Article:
The Cybersecurity Labelling Scheme will focus first on Wi-Fi routers and smart home hubs, according to the Cyber Security Agency of Singapore. "Amid the growth in number of IoT products in the market, and in view of the short time-to-market and quick obsolescence, many consumer IoT products have been designed to optimize functionality and cost over security," the Cyber Security Agency says. "As a result, many devices are being sold with poor cybersecurity provisions, with little to no security features built-in." ... Singapore's program is voluntary for manufacturers for now, but the nation intends eventually to make it mandatory. The testing has four rating levels, and the CSA has offered detailed information for manufacturers. Developers can make declarations that their products conform with the first two levels. The first level means a product meets basic security requirements, such as mandating the use of unique passwords and delivering software updates as dictated by the European Telecommunications Standards Institute's EN 303 645 standard. The second level encompasses the first level requirements plus following the IoT Cyber Security Guide developed by Singapore's Infocomm Media Development Authority, or IMDA.
A designer can’t effectively build a software sense-of-self for a robot. If a subjective viewpoint were designed in from the outset, it would be the designer’s own viewpoint, and it would also need to learn and cope with experiences unknown to the designer. So what we need to design is a framework that supports the learning of a subjective viewpoint. Fortunately, there is a way out of these difficulties. Humans face exactly the same problems but they don’t solve them all at once. The first years of infancy display incredible developmental progress, during which we learn how to control our bodies and how to perceive and experience objects, agents and environments. We also learn how to act and the consequences of acts and interactions. Research in the new field of developmental robotics is now exploring how robots can learn from scratch, like infants. The first stages involve discovering the properties of passive objects and the “physics” of the robot’s world. Later on, robots note and copy interactions with agents (carers), followed by gradually more complex modelling of the self in context. In my new book, I explore the experiments in this field.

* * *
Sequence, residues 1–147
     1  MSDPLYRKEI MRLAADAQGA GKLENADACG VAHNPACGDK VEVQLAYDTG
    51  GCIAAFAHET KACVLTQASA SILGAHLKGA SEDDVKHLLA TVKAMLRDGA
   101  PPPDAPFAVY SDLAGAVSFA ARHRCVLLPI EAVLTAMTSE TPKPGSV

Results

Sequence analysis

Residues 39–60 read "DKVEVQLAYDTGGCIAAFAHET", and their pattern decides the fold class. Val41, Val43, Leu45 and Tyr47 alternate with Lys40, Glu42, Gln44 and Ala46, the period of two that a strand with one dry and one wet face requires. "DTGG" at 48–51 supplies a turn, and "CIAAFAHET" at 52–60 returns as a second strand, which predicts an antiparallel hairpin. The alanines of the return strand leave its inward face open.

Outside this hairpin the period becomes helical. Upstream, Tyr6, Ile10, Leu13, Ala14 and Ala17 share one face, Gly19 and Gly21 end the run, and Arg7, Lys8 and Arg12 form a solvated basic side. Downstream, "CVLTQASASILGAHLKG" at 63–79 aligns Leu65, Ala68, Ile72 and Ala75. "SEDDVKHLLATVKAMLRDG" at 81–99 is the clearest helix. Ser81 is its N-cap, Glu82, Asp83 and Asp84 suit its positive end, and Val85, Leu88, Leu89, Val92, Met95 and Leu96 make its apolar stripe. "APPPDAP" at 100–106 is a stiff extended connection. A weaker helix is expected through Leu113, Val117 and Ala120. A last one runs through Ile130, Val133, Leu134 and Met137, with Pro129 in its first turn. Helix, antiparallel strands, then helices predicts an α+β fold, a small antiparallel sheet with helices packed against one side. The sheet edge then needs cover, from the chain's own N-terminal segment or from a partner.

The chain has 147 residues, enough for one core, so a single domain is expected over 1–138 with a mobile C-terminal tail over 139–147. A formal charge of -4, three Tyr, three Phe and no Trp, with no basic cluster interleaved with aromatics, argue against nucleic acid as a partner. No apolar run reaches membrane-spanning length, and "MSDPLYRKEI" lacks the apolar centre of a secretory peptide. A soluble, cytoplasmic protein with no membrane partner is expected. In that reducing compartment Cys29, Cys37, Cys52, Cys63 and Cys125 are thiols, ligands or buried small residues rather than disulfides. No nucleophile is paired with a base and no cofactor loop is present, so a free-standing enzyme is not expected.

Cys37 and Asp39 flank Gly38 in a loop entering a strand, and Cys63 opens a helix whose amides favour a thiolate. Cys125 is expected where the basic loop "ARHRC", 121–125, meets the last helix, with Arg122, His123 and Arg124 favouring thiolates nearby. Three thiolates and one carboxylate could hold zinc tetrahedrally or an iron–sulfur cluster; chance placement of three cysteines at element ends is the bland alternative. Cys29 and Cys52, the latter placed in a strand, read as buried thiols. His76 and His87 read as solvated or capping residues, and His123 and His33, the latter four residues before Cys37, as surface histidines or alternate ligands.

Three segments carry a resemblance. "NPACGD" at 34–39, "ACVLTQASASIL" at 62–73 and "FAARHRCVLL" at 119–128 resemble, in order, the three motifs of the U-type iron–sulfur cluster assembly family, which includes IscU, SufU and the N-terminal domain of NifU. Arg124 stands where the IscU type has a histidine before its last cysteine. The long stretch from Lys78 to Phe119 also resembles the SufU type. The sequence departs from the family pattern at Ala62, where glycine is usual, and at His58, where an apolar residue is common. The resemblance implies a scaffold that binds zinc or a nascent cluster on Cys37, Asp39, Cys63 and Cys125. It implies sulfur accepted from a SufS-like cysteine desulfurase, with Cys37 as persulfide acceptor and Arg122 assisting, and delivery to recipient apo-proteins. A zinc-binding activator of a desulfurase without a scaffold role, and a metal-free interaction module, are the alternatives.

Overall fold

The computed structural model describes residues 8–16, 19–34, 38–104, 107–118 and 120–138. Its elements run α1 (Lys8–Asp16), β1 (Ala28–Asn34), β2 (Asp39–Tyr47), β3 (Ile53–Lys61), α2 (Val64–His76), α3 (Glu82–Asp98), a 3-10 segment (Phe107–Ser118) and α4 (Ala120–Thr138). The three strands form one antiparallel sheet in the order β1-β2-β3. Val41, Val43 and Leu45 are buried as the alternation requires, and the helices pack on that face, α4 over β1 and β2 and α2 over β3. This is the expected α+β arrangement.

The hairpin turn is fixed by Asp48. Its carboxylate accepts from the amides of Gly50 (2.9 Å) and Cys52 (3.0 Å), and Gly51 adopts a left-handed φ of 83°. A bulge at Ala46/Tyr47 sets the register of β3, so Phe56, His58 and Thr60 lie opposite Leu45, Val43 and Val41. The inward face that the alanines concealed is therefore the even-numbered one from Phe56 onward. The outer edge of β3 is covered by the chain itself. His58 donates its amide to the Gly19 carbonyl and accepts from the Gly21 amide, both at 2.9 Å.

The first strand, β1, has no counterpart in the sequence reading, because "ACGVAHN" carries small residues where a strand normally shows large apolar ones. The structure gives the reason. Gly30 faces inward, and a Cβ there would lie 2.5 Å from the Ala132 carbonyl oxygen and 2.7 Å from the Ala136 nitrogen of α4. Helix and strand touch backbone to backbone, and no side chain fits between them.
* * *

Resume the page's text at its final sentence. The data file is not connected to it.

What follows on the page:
Noting that AI sought to inject intelligence into machines to mimic human action and thought, SCS President Chong Yoke Sin noted that rogue or misaligned AI algorithms with unintended bias could cause significant damage. This underscored the importance of ensuring AI was used ethically. "On the other hand, stifling innovation in the use of AI will be disastrous as the new economy will increasingly leverage AI," Chong said, as she stressed the need for a balanced approach that prioritised human safety and interests. Speaking during SCS' Tech3 Forum, Singapore's Minister for Communications and Information S. Iswaran further underscored the need to build trust with the responsible use of AI in order to drive the adoption and extract the most benefits from the technology. "Responsible adoption of AI can boost companies' efficiencies, facilitate decision-making, and help employees upskill into more enriching and meaningful jobs," Iswaran said. "Above all, we want to build a progressive, safe, and trusted AI environment that benefits businesses and workers, and drives economic transformation." The launch of a reference guide would provide businesses access to a counsel of experts proficient in AI ethics and governance, so they could deploy the technology responsibly, the minister said.
If there’s one metric most businesses are focused on when it comes to coding, it’s speed. Tech and dev teams are at the forefront of innovation, and they’re used to moving at a serious pace. Anything that slows down the process of shipping code damages their ability to perform. To move quickly though, and to get from planning to coding in record time, teams need real-time visibility into what’s being worked on and transparent access to the latest updates from the team. Closed-off communication, like email, which limits visibility of information to a handful of people selected by a single sender, isn’t up to the task. Instead, channel-based communication can provide a single-space for developers to collaborate, share priorities and simplify processes in order to speed up testing and deployment. Rather than having to sift through information flying in from different sources, channel-based messaging integrates all existing tools into a single place, meaning developers can increase visibility over deploys and get straight to the information they need. Developers can pull in key material using integrations that plug different apps like Jira and Github right into their discussions.
Quote for the day:
"A coach is someone who can give correction without causing resentment." -- John Wooden